Emojis. They’re everywhere. The smiley faces have evolved from combinations of keyboard characters; and become part of the universal cultural language of the internet. They are a foundational part of a new internet culture – borderless, language-agnostic and truly global. Emojis are so important, that there was a movement to create more diverse emojis – resulting…
Emojis. They’re everywhere.
The smiley faces have evolved from combinations of keyboard characters; and become part of the universal cultural language of the internet. They are a foundational part of a new internet culture – borderless, language-agnostic and truly global.
Emojis are so important, that there was a movement to create more diverse emojis – resulting in everything from various skin tones for human emojis to gay emoji couples. There are millions of votes for new emojis – apparently, the most requested emoji today is the unicorn.
Emojis have taken on more than their literal meanings. The fire emoji is best way to say something is cool; the eggplant and peach emoji are now so sexual, they might as well be R-rated.
Why did emojis become so powerful? Perhaps because they became the easiest way to convey emotion in the constrained space of the internet’s compose windows. They became a way to say more than words. Emojis are evidence of something we already know: non-verbal communication is the most powerful type of communication in the world.
Beyond being shorthand for the internet generation, emojis are currency for today’s most precious commodity: attention.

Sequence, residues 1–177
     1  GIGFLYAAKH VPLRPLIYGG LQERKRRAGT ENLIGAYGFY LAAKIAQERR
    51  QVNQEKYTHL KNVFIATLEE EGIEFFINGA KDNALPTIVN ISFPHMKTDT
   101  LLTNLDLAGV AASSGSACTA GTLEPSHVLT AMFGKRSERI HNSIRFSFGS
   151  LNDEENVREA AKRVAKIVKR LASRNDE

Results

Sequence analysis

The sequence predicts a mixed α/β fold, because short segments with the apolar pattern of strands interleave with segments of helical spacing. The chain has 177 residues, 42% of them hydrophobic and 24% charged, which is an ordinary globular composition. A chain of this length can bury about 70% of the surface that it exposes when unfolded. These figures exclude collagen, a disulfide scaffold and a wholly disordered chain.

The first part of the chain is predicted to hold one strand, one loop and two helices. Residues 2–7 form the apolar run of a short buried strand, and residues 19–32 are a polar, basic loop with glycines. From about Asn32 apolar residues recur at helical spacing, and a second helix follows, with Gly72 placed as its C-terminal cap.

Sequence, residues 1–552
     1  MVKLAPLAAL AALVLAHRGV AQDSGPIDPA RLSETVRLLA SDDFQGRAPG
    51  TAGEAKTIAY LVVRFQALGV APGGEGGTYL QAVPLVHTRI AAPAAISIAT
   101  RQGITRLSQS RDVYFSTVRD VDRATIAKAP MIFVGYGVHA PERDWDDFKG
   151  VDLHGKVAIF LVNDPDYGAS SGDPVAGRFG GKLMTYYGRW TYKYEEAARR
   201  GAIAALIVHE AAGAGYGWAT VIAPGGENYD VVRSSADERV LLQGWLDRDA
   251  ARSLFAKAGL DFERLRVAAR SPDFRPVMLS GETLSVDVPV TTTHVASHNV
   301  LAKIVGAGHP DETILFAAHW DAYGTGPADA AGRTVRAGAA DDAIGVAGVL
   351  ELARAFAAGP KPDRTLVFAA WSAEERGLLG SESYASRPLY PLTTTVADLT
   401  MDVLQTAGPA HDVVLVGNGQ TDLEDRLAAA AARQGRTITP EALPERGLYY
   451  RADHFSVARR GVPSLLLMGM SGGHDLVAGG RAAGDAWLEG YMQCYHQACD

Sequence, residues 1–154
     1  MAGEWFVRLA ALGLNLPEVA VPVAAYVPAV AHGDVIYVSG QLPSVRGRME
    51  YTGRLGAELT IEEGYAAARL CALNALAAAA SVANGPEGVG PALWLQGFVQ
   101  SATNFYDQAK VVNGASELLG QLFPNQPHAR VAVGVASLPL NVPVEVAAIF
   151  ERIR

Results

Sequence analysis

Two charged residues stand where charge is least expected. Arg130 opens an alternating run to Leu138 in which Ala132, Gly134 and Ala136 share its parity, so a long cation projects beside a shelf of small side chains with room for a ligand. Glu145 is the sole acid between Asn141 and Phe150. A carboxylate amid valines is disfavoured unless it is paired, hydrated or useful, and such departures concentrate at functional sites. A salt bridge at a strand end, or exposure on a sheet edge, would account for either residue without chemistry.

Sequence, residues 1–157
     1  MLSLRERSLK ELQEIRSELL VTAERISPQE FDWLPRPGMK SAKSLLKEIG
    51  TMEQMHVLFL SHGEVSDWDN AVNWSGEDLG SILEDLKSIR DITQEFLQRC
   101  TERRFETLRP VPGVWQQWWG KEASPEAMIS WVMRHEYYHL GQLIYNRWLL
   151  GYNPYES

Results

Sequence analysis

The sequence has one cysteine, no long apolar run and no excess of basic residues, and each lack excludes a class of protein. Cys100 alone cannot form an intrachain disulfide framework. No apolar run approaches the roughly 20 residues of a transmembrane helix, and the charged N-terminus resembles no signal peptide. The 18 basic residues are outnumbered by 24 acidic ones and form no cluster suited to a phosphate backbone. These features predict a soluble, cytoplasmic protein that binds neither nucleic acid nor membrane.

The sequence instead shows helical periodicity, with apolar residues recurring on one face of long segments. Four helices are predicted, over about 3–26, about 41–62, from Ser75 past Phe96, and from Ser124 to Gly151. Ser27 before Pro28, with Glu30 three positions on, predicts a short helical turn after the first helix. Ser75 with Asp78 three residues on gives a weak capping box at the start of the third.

Today, we’re drowning in a sea of content, information and notifications. Everything seems to scream “I’m important!”. Our brains have had to evolve coping mechanisms to help us cut through the noise. As a result, we are often less sensitive to attempts to grab our attention, instead focusing on what creates a strong emotional reaction.
This is why the internet sometimes feels like a mix of an outrage machine and a comedy club. Everyone seems to have figured out that extreme is the way to go; nuance is out the window.
From established publications to individuals looking for validation from the internet, everyone is in on the game. We all want to elicit a reaction. And emojis matter because they they show you who and what’s connecting, and what isn’t.
It was Maya Angelou who said, “I’ve learned that people will forget what you said, people will forget what you did, but people will never forget how you made them feel.” She might have been an author, but she could easily have been a social media manager.
The best online communicators know how to touch people deeply and elicit an emotional reaction. It has become a cliché, but Donald Trump has been one of the leading “emoji communicators” of recent times. By eliciting strong emotional reactions from supporters and detractors alike, he has been able to dominate the media cycle from the day he announced his candidacy till today.
Closer to home, we see personalities like Falz use ???? to grab attention and build his fan base. Personalities like JJ Omojuwa are able to elicit ???? for bold statements about politics and policy. Sahara Reporters’ brand of media coverage is designed to create ???? in Nigerians.
Each of these examples have used some form of extreme communication to elicit an emotional reaction – laughter, shock, outrage and anger – to build an audience and create a tribe.
In the coming year, everyone from politicians to brand managers will reach out to an increasing online audience, trying to convince them of something or the other. The best strategists will gather round tables with charts and Powerpoints, convinced that if only they could get their audience to understand some fact or the other, they’d get their buy-in.
The best way to make a mark in the Emoji Economy is to elicit a strong emotion. If you can get someone to give you an emoji, you have their attention. The rest is up to you.